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Posts Tagged ‘women’

Siddhartha Gautama (The Buddha): “Do not believe in anything because it is found written in your religious books.

The Rigveda is an ancient Indian text one of the four canonical sacred texts of Hinduism written between the 5th and 2nd century BCE, the first four books of the Bible Genesis, Exodus, Leviticus, and Numbers were written between the 6th and 2nd century BCE, the Tao Te Ching in the 6th century BCE, the Buddhist Sutras between the 2nd century BCE and the 2nd century CE, the New Testament in the 1st century CE, the Qur’an is the newest written around 632 CE.  Wow!  If you can remember all of that you’re better than I am!

 What’s my point?  The people who wrote these books were wonderful people who wanted to memorialize their beliefs and experiences for those who would come after them.  They were trying to explain, nature, birth, death, life, good and evil and more.  Science was not at the level it is today, they only had their eyes, ears, nose, and sometimes mouth to discover and memorialize their lives and how they dealt with what happened to them and in them in their waking and sleeping hours.

This is neither good nor bad—it just is.  Thus if saying a bed time Buddha at Bedtimeprayer will help keep you alive through the night—great what can you lose! If not eating meat is how you desire to live your life wonderful, go for it.  If eating meat but not pork or crustaceans (lobster, crabs, shrimp, etc.) is your choice that’s great too.  In ancient times you might have been better off not eating pork because it caused an infection we know as trichinosis, but so did lots of other foods.  Just a few more reasons “not to believe” everything found in your ancient texts.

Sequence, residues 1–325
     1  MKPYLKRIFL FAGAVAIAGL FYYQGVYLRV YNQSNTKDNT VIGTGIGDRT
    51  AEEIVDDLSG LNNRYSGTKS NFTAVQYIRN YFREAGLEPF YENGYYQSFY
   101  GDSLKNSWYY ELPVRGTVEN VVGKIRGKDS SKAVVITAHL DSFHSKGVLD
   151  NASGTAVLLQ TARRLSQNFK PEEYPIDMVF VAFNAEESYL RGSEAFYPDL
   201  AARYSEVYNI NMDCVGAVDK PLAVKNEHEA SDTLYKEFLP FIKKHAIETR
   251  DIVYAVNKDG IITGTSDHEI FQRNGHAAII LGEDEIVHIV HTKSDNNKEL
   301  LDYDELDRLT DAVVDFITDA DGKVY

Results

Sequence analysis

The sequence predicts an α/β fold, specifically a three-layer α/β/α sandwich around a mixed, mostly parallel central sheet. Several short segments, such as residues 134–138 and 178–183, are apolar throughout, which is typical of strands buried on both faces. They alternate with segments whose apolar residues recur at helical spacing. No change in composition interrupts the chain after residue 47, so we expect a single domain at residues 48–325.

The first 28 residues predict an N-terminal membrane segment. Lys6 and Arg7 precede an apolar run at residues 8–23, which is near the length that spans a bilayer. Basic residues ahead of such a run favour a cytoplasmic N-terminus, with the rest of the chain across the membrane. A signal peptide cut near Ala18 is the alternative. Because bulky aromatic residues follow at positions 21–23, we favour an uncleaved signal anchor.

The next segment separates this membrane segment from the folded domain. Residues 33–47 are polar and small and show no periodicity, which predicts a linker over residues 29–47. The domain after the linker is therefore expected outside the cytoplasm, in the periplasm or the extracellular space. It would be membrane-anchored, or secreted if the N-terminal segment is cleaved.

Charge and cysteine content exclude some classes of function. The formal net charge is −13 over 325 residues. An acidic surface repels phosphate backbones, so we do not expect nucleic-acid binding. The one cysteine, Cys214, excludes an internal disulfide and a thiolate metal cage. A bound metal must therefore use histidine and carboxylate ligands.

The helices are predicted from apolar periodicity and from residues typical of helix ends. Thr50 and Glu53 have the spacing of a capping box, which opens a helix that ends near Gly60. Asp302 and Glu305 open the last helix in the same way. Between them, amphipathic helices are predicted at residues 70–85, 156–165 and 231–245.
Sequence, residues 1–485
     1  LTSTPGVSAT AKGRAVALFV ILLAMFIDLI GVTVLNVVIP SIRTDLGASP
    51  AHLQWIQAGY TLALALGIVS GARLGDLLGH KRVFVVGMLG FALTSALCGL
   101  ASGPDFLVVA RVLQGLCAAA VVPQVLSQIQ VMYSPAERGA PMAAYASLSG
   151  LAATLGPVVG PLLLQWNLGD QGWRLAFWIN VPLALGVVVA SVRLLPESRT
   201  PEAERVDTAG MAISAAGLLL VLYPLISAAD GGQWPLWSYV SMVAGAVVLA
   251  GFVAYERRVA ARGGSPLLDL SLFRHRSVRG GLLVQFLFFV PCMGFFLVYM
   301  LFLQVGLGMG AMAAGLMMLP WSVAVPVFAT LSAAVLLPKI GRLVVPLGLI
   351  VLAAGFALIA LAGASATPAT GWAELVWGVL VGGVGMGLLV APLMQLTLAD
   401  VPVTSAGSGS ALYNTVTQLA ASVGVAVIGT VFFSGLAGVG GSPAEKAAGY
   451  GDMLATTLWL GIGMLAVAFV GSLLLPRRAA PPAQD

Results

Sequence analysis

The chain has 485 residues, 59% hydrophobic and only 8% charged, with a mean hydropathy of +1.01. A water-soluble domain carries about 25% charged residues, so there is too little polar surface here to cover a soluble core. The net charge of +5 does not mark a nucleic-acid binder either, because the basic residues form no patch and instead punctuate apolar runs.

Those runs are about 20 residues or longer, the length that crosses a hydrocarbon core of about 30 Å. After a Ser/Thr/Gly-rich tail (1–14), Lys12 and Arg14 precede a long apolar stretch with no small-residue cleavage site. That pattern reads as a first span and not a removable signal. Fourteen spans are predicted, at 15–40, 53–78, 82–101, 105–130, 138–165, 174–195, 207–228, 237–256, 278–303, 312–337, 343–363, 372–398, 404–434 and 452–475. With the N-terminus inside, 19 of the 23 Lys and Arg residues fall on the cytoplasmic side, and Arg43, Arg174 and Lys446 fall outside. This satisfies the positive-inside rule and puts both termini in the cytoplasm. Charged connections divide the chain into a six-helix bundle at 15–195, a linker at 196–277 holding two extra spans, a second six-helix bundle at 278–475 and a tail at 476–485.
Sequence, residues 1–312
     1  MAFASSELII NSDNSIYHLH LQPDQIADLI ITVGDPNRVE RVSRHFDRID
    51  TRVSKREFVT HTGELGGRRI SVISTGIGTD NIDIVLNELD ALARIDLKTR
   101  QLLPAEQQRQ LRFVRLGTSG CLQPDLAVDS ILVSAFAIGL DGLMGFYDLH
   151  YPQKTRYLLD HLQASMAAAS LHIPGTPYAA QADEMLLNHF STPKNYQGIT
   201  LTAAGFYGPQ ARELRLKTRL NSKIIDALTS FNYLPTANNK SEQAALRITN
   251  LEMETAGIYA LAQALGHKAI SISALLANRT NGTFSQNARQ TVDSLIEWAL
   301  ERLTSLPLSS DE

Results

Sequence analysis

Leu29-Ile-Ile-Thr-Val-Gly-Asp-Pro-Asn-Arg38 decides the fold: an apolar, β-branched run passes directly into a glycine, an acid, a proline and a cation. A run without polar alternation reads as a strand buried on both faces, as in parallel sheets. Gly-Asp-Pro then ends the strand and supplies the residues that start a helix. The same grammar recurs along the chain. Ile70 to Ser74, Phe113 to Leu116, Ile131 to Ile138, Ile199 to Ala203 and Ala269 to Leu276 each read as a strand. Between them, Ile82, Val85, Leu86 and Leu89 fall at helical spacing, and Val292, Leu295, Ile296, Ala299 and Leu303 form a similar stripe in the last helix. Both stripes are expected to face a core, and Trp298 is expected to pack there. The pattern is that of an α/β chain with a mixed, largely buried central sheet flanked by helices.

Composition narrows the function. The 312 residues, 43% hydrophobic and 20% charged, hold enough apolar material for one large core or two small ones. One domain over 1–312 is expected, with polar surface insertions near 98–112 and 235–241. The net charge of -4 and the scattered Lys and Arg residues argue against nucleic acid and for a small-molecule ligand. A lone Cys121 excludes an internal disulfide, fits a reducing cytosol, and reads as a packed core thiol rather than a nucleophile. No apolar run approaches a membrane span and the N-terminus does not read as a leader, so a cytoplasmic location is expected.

My mom believed it about the pork and thus when we had pork chops for dinner they were so well done they tasted and acted like shoe leather!  That was one of the nights I always found a reason to eat at my best friend’s house for dinner.  Another time I bought some “free range chicken” and served it to her for supper.  I was bragging about how great they were and that all the chickens should be freed.  Once again mom told me a “farm story.”  “I fed plenty of chickens on the farm growing up and let me tell you they ate anything and everything in sight, at least this way their waste ends up far enough away that they can’t get at it.” You’ve got to love my mom!

So in this day and age with our education, science, technology, the internet, and more you have the opportunity to be your own researcher and discover about life for yourself.  If following your religious and family traditions is important in your life…go for it.  Just remember that not everything written in them is true…then move full speed ahead and live the life that works for you and spreads peace, love, and compassion wherever you go!

In gassho,

Shokai

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What Laura Rendon, author of Sentipensante (Sensing/Thinking) Pedagogy: Educating for Wholeness, Social Justice and Liberation, talks about in her book is so relevant to the situations occurring in our world today.  The actions by the militants in Libya and Egypt, the creation of a totally inaccurate and prejudice video about Islam from a nut case in California, and the threat to burn the Koran by the crazy minister in Florida, plus the “shoot from the lip” response from Romney about the crisis in Egypt and Libya are a direct result of their education being at odds with Rendon’s research and philosophy on teaching.  She writes: